Relatively little is known about tropical forestry before the mid1800's in most places. At that time, the European colonial empiresnotably the Dutch, English, and Spanish-brought modern forest management practices to Indonesia, India, Africa, and the Caribbean. Centers for forestry and forestry research were established, and more careful records were kept.
Sustainable Forestry
Modern forestry has its basis in 18th-century Germany. Like the Chinese and the Mayan forest practices, German forestry is essentially agricultural. Trees are managed as a crop. Two concepts are important: renewability and sustainability. Renewability means that trees can be replanted and seeded and harvested over and over again on the same tract of land in what are known as crop "rotations." Sustainability means that forest harvest can be sustained over the long term. How far into the future were foresters expected to plan? As long as there were vast acres of virgin (original) forests remaining, this question was somewhat academic. Today, however, sustainability is a vital issue in forestry. Most of the world's virgin forests are gone, and people must rely more and more on second- growth or managed forests. Perhaps we now face, as never before, the limits to long-term productivity.
In the German forest model, forestry is viewed as a continual process of harvest and regeneration. Harvest of wood products is a goal, but a forester's principal tasks are to assure long-term productivity. That is achieved by cutting the older, mature, and slow-growing timber to make way for a new crop of young, fast-growing trees.
Harvest-Regeneration Methods
Three examples of timber harvest-regeneration methods (silvicultural systems) illustrate how foresters manage stands to produce timber on a sustained basis.
Individual trees or small groups of trees are harvested as they become mature. Numerous small openings in the forest are created in which saplings or new seedlings can grow. The resulting forest has a continuous forest canopy and trees of all ages. Such systems favor slow-growing species that are shade tolerant.
In clearcutting, an entire stand of trees is removed in one operation. From the forester's point of view, clearcutting is the easiest way to manage a forest-and the most economical. Regeneration may come from sprouts on stumps, from seedlings that survive the logging operation, or from seeds that germinate after the harvest. If natural regeneration is delayed longer than desired, the area is planted or seeded.
Clearcutting systems are often used to manage fast-growing species that require a lot of light. Resulting stands are even aged because all the trees in an area are cut-and regenerated-at the same time. Clearcutting has become controversial in recent years because it has the potential to damage watersheds and because it tends to eliminate species of wildlife dependent on old growth trees. If clearcuts are kept small and the cutting interval is long enough, however, biological diversity may not be impaired.
In shelterwood systems, the forest canopy is removed over a period of years, usually in two cuttings. After the first harvest, natural regeneration begins in the understory. By the time the second harvest is made, enough young trees have grown to assure adequate regeneration. Shelterwood systems favor species that are intermediate in tolerance to shade. Such systems are difficult to use successfully and are the least used of the three silvicultural methods described.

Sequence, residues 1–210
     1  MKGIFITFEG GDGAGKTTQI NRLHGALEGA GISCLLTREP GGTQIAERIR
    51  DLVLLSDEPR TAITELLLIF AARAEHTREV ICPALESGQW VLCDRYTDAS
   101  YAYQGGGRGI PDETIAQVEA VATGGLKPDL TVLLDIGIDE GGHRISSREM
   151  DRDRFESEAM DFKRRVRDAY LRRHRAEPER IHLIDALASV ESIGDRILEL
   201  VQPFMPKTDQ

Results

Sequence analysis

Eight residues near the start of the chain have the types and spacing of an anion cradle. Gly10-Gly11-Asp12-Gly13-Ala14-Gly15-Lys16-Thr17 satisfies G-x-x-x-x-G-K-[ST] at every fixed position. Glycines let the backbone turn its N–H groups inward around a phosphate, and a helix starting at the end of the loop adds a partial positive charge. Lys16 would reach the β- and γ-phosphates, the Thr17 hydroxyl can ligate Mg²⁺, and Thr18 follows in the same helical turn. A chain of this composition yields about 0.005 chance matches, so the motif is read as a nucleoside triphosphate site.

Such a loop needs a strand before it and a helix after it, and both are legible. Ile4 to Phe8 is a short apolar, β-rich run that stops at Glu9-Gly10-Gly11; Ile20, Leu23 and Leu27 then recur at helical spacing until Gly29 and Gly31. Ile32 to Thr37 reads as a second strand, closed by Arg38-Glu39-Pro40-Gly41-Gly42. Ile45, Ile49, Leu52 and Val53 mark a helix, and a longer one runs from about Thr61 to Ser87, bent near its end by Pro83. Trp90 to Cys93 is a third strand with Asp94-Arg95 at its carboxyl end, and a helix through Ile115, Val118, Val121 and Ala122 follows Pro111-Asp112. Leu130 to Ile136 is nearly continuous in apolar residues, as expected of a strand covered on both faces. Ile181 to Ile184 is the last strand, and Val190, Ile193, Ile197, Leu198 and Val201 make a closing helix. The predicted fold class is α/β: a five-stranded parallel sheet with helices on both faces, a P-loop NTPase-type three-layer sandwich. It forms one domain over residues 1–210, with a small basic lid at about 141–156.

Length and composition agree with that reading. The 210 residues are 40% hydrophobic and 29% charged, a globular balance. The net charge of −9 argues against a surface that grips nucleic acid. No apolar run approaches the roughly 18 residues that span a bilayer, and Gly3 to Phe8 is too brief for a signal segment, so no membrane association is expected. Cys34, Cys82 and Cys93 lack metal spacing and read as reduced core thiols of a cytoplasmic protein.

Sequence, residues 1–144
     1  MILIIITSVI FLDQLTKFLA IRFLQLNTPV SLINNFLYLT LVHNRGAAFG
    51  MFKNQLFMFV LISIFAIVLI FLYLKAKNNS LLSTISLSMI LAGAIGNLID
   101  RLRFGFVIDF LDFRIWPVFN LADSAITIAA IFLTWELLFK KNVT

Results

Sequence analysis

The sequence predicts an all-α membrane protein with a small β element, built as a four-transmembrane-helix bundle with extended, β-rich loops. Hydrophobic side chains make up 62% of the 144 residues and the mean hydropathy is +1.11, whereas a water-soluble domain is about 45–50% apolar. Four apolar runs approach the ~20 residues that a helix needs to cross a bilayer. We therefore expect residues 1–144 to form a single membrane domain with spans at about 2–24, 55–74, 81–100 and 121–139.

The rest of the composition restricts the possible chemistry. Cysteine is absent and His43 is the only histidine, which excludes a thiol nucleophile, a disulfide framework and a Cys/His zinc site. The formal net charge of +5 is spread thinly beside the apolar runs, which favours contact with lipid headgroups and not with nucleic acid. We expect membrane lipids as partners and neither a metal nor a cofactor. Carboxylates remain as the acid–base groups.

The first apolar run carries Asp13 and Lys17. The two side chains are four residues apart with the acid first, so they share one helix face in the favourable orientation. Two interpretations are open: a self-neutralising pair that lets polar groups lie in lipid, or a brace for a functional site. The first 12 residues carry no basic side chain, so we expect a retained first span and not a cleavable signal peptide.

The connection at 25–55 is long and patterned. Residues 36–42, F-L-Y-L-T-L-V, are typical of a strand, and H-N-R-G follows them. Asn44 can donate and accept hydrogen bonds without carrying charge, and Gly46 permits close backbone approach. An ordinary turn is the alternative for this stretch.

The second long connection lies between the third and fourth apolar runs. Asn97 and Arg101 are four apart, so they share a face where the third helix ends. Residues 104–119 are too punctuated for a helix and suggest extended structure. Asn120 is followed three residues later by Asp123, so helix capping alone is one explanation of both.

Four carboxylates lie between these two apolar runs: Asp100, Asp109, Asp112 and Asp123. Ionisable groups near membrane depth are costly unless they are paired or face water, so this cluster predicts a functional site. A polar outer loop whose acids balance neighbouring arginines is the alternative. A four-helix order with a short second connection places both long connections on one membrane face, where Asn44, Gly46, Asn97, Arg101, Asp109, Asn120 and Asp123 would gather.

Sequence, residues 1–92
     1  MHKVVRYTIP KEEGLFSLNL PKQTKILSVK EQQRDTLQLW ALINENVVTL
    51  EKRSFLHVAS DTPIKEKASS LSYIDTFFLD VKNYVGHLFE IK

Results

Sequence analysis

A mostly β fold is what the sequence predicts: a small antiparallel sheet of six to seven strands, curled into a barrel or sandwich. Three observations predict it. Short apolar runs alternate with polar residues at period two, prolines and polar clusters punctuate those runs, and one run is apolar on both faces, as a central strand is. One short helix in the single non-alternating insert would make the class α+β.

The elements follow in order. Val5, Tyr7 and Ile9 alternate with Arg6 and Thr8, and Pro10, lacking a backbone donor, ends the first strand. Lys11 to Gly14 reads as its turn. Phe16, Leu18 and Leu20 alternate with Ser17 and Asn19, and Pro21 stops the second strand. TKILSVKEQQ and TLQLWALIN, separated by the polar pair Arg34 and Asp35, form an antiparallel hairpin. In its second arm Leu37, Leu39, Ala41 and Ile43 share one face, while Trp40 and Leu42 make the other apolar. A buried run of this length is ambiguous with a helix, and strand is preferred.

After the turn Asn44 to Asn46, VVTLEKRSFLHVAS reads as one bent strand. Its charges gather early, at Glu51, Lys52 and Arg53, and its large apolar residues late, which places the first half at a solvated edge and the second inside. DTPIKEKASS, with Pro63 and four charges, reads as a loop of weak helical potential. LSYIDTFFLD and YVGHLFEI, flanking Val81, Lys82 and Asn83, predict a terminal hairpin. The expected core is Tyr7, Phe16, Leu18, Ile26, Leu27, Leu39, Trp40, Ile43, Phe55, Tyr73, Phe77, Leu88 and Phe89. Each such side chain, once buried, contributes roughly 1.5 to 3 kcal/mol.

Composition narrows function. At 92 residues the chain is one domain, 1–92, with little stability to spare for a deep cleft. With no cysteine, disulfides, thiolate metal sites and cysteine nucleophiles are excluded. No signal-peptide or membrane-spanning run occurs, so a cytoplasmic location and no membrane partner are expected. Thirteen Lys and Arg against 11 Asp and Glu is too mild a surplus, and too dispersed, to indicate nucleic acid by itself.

Multiple-Use Forestry
Gifford Pinchot, the first Chief of the U.S. Forest Service, was also this country's first professional forester. Pinchot advocated the use of forest resources-all resources, not just timber-for human benefit. Pinchot was a strong and charismatic leader, and his ideas helped shape the course of forestry in the United States.
Pinchot had a vocal opponent in John Muir, a young naturalist from California who believed that public lands should be preserved rather than used. Eventually Muir and Pinchot became rivals for public approval. Oddly enough, there was no
loser in this early conservation battle. Muir's preservation ethic became embodied in the philosophy of the National Parks, and Pinchot's concept of wise use became the guiding principle of the National Forests.
National Forests are still managed under the concepts of multiple use and sustained yield. The dominant uses of National Forests are considered to be wood, water, wildlife, forage (for domestic cattle and wildlife), and recreation. Extraction of minerals and other valuable products is also considered a legitimate use of National Forests. Because Pinchot's philosophy left room for the "highest and best use" of a given area, the U.S. National Forests now include a wilderness system of more than 32 million acres (13 million ha) in which timber harvest is not allowed.
Today it is generally recognized that most, if not all, nondestructive uses of forest are valid. Some areas may be set aside as parks; others for wildlife habitat or as wilderness. Still others will be managed for timber harvest or multiple benefits. Today, conflicts arise primarily over where these different uses will be dominant. In the National Forests, such decisions are made through a land-use planning process in which the public has ample opportunities for input and involvement.
At the turn of the century, very little was known about the world's native forests or how to manage them. In the United States, foresters were quick to recognize the value of information about forests and a branch of research was established in the Forest Service in 1915. Early research was done primarily in support of reforestation efforts, but, as forestry grew in size and complexity, so did the research.